[Show abstract][Hide abstract] ABSTRACT: The uncharacterized α/β-hydrolase protein OLEI01171 from the psychrophilic marine bacterium Oleispira antarctica belongs to the PF00756 family of putative esterases, which also includes human esterase D. In the present paper we show that purified recombinant OLEI01171 exhibits high esterase activity against the model esterase substrate α-naphthyl acetate at 5-30°C with maximal activity at 15-20°C. The esterase activity of OLEI01171 was stimulated 3-8-fold by the addition of chloride or several other anions (0.1-1.0 M). Compared with mesophilic PF00756 esterases, OLEI01171 exhibited a lower overall protein thermostability. Two crystal structures of OLEI01171 were solved at 1.75 and 2.1 Å resolution and revealed a classical serine hydrolase catalytic triad and the presence of a chloride or bromide ion bound in the active site close to the catalytic Ser148. Both anions were found to co-ordinate a potential catalytic water molecule located in the vicinity of the catalytic triad His257. The results of the present study suggest that the bound anion perhaps contributes to the polarization of the catalytic water molecule and increases the rate of the hydrolysis of an acyl-enzyme intermediate. Alanine replacement mutagenesis of OLEI01171 identified ten amino acid residues important for esterase activity. The replacement of Asn225 by lysine had no significant effect on the activity or thermostability of OLEI01171, but resulted in a detectable increase of activity at 35-45°C. The present study has provided insight into the molecular mechanisms of activity of a cold-active and anion-activated carboxyl esterase.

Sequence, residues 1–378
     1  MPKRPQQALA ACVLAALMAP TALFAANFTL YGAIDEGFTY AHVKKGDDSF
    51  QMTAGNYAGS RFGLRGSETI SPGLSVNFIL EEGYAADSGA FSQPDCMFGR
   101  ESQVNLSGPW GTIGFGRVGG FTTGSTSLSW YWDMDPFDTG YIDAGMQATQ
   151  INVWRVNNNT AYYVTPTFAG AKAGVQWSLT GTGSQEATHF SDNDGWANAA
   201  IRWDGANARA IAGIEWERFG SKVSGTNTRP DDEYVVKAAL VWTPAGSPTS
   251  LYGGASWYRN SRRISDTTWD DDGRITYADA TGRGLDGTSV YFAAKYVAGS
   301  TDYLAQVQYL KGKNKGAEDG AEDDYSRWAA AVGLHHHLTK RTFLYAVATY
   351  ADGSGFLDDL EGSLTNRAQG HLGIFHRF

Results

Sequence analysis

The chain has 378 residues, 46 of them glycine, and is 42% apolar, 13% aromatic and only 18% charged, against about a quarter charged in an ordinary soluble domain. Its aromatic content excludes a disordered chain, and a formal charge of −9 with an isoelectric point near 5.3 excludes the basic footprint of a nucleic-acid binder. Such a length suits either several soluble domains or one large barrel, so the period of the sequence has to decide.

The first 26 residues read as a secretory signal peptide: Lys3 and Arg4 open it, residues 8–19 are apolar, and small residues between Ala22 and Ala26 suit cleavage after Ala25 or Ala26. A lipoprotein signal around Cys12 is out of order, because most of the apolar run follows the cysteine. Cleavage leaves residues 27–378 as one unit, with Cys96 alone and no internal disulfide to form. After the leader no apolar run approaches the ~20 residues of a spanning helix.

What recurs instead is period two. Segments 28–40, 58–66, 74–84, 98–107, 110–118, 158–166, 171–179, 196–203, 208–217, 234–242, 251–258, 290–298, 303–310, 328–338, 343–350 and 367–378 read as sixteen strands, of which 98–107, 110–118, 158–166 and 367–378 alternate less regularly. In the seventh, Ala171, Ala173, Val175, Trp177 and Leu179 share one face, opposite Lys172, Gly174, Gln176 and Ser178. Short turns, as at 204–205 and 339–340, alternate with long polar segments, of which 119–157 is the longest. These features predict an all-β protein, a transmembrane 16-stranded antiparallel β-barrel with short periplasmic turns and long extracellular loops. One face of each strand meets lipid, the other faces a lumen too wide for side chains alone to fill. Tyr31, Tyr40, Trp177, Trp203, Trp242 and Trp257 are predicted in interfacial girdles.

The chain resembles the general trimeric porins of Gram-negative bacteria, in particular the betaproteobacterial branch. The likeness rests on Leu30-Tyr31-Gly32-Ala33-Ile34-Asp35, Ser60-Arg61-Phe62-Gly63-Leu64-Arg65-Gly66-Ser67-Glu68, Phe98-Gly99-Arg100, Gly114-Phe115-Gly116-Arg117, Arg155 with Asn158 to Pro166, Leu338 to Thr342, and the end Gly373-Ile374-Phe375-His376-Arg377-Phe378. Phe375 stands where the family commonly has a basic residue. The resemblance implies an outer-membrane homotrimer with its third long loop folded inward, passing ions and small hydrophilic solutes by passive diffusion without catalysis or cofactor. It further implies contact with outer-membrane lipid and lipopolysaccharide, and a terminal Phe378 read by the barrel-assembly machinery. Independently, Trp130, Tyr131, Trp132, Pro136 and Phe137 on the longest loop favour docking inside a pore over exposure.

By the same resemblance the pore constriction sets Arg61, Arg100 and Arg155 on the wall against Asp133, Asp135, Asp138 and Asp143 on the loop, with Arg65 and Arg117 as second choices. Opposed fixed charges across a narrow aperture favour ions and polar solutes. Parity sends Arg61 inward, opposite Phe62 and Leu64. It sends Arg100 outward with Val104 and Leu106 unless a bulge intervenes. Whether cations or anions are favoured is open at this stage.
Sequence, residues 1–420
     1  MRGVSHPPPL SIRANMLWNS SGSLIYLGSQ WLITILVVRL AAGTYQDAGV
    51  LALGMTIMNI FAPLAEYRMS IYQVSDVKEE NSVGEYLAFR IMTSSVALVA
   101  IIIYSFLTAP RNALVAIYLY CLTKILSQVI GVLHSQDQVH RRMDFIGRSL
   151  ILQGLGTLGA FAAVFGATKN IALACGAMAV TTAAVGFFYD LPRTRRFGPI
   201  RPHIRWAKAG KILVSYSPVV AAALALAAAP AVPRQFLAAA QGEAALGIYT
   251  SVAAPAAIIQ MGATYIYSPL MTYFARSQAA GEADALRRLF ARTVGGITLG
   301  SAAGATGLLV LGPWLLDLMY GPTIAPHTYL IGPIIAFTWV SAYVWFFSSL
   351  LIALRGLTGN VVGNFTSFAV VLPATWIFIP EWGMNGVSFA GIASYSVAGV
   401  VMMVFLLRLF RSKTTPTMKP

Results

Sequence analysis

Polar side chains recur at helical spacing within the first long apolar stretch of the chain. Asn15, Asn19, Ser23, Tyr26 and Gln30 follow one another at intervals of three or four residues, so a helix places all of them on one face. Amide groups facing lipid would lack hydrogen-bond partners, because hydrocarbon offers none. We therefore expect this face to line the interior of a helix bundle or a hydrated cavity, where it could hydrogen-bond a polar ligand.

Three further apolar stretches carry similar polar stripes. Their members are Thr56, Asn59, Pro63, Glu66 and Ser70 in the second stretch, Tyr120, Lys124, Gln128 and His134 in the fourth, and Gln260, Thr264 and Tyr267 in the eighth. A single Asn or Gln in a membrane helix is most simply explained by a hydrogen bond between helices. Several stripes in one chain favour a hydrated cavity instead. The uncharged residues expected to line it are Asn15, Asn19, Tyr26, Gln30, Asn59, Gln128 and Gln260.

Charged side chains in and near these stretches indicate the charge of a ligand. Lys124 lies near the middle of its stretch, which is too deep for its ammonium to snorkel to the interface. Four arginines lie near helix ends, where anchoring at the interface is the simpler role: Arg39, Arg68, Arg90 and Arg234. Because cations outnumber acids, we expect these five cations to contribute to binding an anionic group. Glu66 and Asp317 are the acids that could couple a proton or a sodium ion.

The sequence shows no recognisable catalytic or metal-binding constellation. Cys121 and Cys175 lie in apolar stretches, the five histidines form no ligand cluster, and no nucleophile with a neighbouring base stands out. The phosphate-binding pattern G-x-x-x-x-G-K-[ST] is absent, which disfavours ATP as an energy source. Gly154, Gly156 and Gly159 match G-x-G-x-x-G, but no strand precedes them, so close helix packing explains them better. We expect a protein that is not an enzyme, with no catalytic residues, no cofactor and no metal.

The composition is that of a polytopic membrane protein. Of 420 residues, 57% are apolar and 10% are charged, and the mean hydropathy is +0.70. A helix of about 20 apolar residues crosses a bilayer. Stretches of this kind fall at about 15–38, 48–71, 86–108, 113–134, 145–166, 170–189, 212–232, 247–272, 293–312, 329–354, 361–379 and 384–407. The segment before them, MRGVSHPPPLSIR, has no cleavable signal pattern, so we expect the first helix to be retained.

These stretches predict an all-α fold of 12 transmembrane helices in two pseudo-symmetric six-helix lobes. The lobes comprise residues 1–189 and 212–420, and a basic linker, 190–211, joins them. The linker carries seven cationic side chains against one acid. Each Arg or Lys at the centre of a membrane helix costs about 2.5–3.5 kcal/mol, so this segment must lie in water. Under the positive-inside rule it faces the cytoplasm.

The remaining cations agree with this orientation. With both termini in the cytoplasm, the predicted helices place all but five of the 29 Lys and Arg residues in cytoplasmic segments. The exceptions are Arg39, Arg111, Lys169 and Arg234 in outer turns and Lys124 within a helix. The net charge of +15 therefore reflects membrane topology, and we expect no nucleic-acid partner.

[Show abstract][Hide abstract] ABSTRACT: The hotdog fold is one of the basic protein folds widely present in bacteria, archaea and eukaryotes. Many of these proteins exhibit thioesterase activity against fatty acyl-CoAs and play important roles in lipid metabolism, cellular signalling and degradation of xenobiotics. The genome of the opportunistic pathogen Pseudomonas aeruginosa contains over 20 genes encoding predicted hotdog-fold proteins, none of which have been experimentally characterized. We have found that two P. aeruginosa hotdog proteins display high thioesterase activity against 3-hydroxy-3-methylglutaryl-CoA and glutaryl-CoA (PA5202), and octanoyl-CoA (PA2801). Crystal structures of these proteins were solved (at 1.70 and 1.75 Å for PA5202 and PA2801 respectively) and revealed a hotdog fold with a potential catalytic carboxylate residue located on the long α-helix (Asp(57) in PA5202 and Glu(35) in PA2801). Alanine residue replacement mutagenesis of PA5202 identified four residues (Asn(42), Arg(43), Asp(57) and Thr(76)) that are critical for its activity and are located in the active site. A P. aeruginosa PA5202 deletion strain showed an increased secretion of the antimicrobial pigment pyocyanine and an increased expression of genes involved in pyocyanin biosynthesis, suggesting a functional link between PA5202 activity and pyocyanin production. Thus the P. aeruginosa hotdog thioesterases PA5202 and PA2801 have similar structures, but exhibit different substrate preferences and functions.